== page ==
Flywheels can provide a mechanism of energy storage for an electrical system. Mechanical energy is transformed into electrical energy (and vice-versa) through a motor-generator. To provide a reasonable amount of energy storage, flywheels operate over a large speed range. The power electronics that connect the flywheel to the electrical system must therefore operate over a wide band of frequencies, and sometimes over a large range of voltages, depending on whether the flywheel motor-generator has an adjustable field coil.
Because flywheels operate over a wide band of frequencies, they cannot interface directly with the power grid or a load. An AC-to-AC converter is used to interface the flywheel with the power grid or the load. The AC-to-AC converter can either convert the AC flywheel voltage directly to AC voltage at the power grid frequency (and similarly in the reverse direction), or the converter can first rectify the AC voltage of one, and then invert the resulting DC voltage into the AC voltage with the appropriate amplitude and frequency of the other.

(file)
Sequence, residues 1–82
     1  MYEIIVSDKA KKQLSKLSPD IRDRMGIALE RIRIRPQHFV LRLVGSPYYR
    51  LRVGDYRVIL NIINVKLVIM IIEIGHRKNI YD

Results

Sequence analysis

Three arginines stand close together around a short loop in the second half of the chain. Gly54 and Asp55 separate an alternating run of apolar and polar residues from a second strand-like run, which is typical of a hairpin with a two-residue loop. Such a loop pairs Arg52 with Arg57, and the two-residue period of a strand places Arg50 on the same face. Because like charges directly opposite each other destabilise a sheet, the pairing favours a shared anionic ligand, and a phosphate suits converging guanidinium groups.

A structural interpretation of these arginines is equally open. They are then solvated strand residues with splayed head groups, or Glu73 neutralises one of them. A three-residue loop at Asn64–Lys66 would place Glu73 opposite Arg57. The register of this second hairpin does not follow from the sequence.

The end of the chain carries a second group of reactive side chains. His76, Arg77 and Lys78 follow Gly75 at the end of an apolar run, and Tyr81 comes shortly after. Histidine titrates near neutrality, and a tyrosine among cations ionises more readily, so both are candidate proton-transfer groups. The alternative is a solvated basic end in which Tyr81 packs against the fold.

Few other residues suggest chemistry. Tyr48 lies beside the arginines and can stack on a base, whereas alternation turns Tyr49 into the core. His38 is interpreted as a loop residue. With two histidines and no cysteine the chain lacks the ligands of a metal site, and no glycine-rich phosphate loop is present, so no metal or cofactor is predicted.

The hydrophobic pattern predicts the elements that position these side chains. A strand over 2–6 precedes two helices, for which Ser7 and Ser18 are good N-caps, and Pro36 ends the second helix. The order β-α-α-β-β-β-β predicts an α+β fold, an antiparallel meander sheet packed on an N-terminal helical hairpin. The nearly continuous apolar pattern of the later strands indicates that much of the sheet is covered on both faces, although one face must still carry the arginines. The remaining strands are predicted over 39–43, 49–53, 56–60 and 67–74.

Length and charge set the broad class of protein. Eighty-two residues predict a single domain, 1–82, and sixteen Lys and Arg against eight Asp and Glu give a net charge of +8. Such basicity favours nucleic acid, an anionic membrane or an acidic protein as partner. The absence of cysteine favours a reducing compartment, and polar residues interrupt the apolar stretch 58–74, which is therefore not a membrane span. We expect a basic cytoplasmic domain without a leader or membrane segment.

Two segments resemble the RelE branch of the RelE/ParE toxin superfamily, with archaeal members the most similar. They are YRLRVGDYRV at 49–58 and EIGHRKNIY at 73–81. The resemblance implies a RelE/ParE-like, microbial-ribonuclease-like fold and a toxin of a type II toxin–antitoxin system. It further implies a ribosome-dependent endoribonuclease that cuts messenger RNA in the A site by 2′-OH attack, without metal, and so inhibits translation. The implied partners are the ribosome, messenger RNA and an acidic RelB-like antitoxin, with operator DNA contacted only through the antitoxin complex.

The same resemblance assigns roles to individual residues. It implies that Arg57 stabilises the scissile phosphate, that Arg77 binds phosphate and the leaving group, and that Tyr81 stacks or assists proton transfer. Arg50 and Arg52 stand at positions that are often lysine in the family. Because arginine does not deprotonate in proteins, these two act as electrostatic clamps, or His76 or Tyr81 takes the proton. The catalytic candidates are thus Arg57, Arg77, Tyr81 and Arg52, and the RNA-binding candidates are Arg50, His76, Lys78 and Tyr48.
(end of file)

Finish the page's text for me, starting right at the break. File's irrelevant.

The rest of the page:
b. Battery Storage
Batteries are a standard method of storage for UPS systems. They operate at nearly constant DC voltage and so require an inverter to interface with the power grid or with an AC load. A controlled rectifier is used to charge the battery from the power grid or some other AC supply, such as from a generator.
c. Capacitor Storage
A small amount of capacitor storage can be obtained by placing capacitors, such as electrolytic capacitors, onto a DC bus. Super capacitors can also be used for this purpose, if they have a high enough peak output current for the application.
The useful amount of energy storage in a capacitor can be increased significantly by placing a DC-to-DC converter at the output. Thus, the output voltage can be held constant over a large range of capacitor charge. The DC-to-DC converter adds a significant amount of cost to the storage system.
d. Other Forms of Energy Storage